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Traditional Quality Beef and Pork straight from the heart of Hertfordshire

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  • What’s in season

    Seasonal food is important for extra freshness, value and flavour, find out ‘what’s in season’ this month and how to make the most of seasonal flavours from our Farm shop. 

    March –


    The cabbage, or brassica, family is huge, and includes everything from the familiar red, white or green varieties with tightly packed leaves, to cauliflower, broccoli, Brussels sprouts as well as pak choi, popular in Asian cookery. The round, crinkle-leafed Savoy cabbage and the pale, lozenge-shaped Chinese leaf are considered to be two of the best to cook with. The flavour of cabbage varies from type to type, ranging from savoury to gently sweet, but one thing they all have in common is a rank smell if overcooked, so brief cooking is key.


    The carrot is a member of the parsley family and is related to the parsnip, celery and fennel. Eaten raw or briefly cooked, carrots are an excellent source of vitamin A, carotene and potassium. Choose firm carrots and avoid those that are flabby with wilted green tops. Go for small carrots if you can, as they are more tender than large ones and need very little cooking.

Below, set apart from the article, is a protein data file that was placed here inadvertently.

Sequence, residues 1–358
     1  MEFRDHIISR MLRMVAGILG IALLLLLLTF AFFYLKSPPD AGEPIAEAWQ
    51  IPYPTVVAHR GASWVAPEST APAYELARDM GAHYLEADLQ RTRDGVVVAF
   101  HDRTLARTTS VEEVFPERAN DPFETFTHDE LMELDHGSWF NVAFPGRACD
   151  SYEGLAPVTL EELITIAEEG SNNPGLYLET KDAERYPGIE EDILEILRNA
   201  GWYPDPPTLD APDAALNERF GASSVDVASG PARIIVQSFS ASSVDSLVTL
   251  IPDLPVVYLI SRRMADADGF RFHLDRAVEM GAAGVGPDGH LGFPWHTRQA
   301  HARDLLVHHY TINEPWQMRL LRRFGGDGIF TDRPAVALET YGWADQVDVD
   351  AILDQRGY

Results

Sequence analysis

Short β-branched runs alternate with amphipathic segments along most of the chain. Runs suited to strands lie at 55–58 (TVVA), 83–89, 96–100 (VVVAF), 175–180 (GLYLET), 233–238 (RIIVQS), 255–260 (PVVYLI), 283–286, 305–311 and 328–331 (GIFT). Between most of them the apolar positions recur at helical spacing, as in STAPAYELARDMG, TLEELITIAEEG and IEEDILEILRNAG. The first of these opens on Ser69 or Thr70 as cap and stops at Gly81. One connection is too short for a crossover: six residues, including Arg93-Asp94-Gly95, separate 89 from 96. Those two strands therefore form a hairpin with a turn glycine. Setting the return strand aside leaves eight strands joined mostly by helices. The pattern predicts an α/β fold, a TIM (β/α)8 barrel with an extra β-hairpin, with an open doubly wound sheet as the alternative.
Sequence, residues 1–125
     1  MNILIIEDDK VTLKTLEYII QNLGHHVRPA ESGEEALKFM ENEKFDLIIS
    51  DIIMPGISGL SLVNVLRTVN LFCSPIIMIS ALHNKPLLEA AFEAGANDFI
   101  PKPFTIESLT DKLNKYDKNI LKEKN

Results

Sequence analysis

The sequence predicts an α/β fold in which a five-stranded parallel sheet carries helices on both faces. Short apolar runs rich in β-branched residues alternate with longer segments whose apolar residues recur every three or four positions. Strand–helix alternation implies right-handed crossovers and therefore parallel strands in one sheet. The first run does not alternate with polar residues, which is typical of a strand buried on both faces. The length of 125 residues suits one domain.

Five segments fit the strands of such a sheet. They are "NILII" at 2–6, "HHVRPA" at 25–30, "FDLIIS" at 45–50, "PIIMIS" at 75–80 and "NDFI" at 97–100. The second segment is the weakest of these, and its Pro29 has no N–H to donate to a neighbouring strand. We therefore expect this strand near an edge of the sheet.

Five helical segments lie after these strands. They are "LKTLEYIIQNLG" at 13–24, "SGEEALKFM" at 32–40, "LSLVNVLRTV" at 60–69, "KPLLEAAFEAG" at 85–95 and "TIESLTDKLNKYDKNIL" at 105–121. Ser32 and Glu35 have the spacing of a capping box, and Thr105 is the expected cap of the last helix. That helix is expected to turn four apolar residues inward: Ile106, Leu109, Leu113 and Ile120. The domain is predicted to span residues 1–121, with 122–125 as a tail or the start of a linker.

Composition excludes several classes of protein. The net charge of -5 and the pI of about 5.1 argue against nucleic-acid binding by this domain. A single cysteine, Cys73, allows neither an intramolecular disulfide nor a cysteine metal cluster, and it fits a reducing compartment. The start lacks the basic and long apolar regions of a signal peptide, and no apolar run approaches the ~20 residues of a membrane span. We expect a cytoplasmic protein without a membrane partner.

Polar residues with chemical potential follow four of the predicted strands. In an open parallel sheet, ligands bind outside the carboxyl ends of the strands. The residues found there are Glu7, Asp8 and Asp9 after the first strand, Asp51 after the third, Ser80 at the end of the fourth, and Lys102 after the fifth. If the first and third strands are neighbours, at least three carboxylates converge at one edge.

Brussel Sprouts

    The Brussels sprout is a member of the Gemmifera Group of cabbages, grown for its edible buds. The leafy green vegetables are typically 2.5–4 cm in diameter and look like miniature cabbages, popular this time of year. Add flavour cooking either boiled, roasted with panchetta or shredded into a winter salad they can be delicious.




    Lamb is a sheep that is under one year old, and is known for its delicate flavour and tender flesh. Slow cook the shoulder, grill some steaks or bake a traditional shepherds pie, this amazing tasty versatile meat can be used in so many dishes and is perfect for family Easter entertaining.



    The parsnip is a root vegetable closely related to the carrot and parsley, it has an earthy but sweet flavour and is great used in hearty winter roasts, soups and stews.

    Young, small parsnips don’t really need peeling – just scrub clean and serve whole, older parsnips should be peeled very thinly with a peeler or sharp knife, then chopped into evenly sized chunks and if the central core is very fibrous, this should be cut away.


    It’s also known as yellow turnip, Swedish turnip and Russian turnip and in America, rutabaga. In Scotland, where it is known as neeps, swede is the traditional accompaniment to haggis on Burns night has a round shape and a purple-green skin and the flesh is yellowy-orange, with a sweet, earthy flavour.